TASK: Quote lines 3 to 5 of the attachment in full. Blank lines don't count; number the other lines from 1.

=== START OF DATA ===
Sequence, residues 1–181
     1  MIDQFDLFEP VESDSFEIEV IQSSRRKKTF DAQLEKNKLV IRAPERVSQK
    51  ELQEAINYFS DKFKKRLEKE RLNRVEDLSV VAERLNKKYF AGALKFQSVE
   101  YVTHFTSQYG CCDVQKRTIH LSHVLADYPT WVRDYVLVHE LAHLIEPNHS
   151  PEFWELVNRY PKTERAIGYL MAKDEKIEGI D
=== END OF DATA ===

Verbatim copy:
    51  ELQEAINYFS DKFKKRLEKE RLNRVEDLSV VAERLNKKYF AGALKFQSVE
   101  YVTHFTSQYG CCDVQKRTIH LSHVLADYPT WVRDYVLVHE LAHLIEPNHS
   151  PEFWELVNRY PKTERAIGYL MAKDEKIEGI D